– I don’t recall that it was so mountainous here, Joe said as we drove around the Lake District. Yes, as the name implies there are several lakes here, but the mountains – it was those we admired the most.
We first drove to Windermere. Joe had great memories here from his younger days: a quiet lake and beautiful scenery. Times change though. The lake was still calm and the scenery beautiful, but add public holiday weeks crammed full of tourists. They were everywhere – on land and on the water. It was just way too busy for us, so we turned our noses towards the south, following the lake and then turned into Grizedale Forest Park.
Here, there were forest trails for everyone, with and without art along the paths. The name is old Norse, meaning valley of pigs. It refers to the wild boar population that once lived here.
While Lake Windemere was busy, Coniston Water was quieter. Here we found a great stop for the night. When we woke up the next day the sun peeked through the low clouds and we could almost see the top of Old Man of Coniston. It turned more idyllic when the sun came up properly as we drove through Coniston and down the west side of the lake. It was a beautiful day.
The mountains were calling. We had seen a road on the map that would take us through beautiful scenery with lakes and high mountains. Route B5289 from Cockermouth to Keswick takes you through Honister Pass and is really worth a drive. We particularly liked the area around Lake Buttermere. So beautiful.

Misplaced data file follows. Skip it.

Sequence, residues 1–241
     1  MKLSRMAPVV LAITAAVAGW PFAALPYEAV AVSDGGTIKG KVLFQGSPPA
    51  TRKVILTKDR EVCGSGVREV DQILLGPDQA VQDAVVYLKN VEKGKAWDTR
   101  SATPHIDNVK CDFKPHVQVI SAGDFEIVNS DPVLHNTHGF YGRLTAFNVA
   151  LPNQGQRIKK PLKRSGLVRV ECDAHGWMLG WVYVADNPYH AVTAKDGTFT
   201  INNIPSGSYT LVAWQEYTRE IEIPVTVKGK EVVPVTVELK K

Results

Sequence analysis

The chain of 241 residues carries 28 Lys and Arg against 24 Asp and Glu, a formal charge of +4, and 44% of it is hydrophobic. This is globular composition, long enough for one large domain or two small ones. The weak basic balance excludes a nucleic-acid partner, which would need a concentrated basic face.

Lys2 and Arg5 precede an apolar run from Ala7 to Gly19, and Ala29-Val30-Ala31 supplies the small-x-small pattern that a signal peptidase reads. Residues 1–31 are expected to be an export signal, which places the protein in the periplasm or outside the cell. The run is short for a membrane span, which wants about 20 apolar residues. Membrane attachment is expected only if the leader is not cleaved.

The narrow road rose up steeply. At the end we were on a 25 % incline before rolling into the parking lot of the slate mine at Honister Pass, with an altitude of 356 m. Today there is a tourist center, cafe and accommodation here. We had a late breakfast in the cafe, as the pub breakfast I had promised Joe never seemed happen.
We drove on. We wanted to stop somewhere by Derwent Water near Keswick, but we did not like the place where we considered stopping. It was so busy everywhere (and therefore we enjoyed the west side of this road better).
We drove on … south. Taking off from the main road we found Lake Thirlmere. It was incredibly quiet and calm here. Besides some small fish in the water and a seagull there was not so much life here, it seemed.
A squirrel jumped around in a tree when we turned away from the Land Rover and started hiking up a path that went into the woods.
We followed a river for a little while, and as we were about to walk onto another path that would take us back down again we saw a big rock further up the hill. A remarkable rock, which it surely would be named if located in Australia (much was remarkable there). It looked like it was about to topple over the edge where it lay. We wanted to take a closer look at it, so we found a path that apparently had not been used for a while.
It was worth it – the view was amazing up here! While we sat and enjoyed what was before us, it struck us that here we were in the very middle of the Lake District.
When a mist slowly crept over the peaks around us we hummed “… these mist covered mountains…” from Dire Straits’ Brothers in arms. It felt right.
We were still humming as we drove through the Yorkshire Dales a couple of days later. This national park is not far from the Lake District, but the landscape here is a little different. The peaks are rounder, the valleys wider.
We passed the town of Hawes that clearly is popular among motorcycle riders in the area on Sundays. A little north of small Cray we found a great place to stop and enjoy the view and take pictures.
For us, it all turned out to be a little taste of what this national park can offer, and luckily the sun was shining as we passed through.
It would have been nice to stay here a little longer though. Stop somewhere and go hiking. Same with the Lake District which had some amazing scenery. But time was running a little away from us, and we had to continue.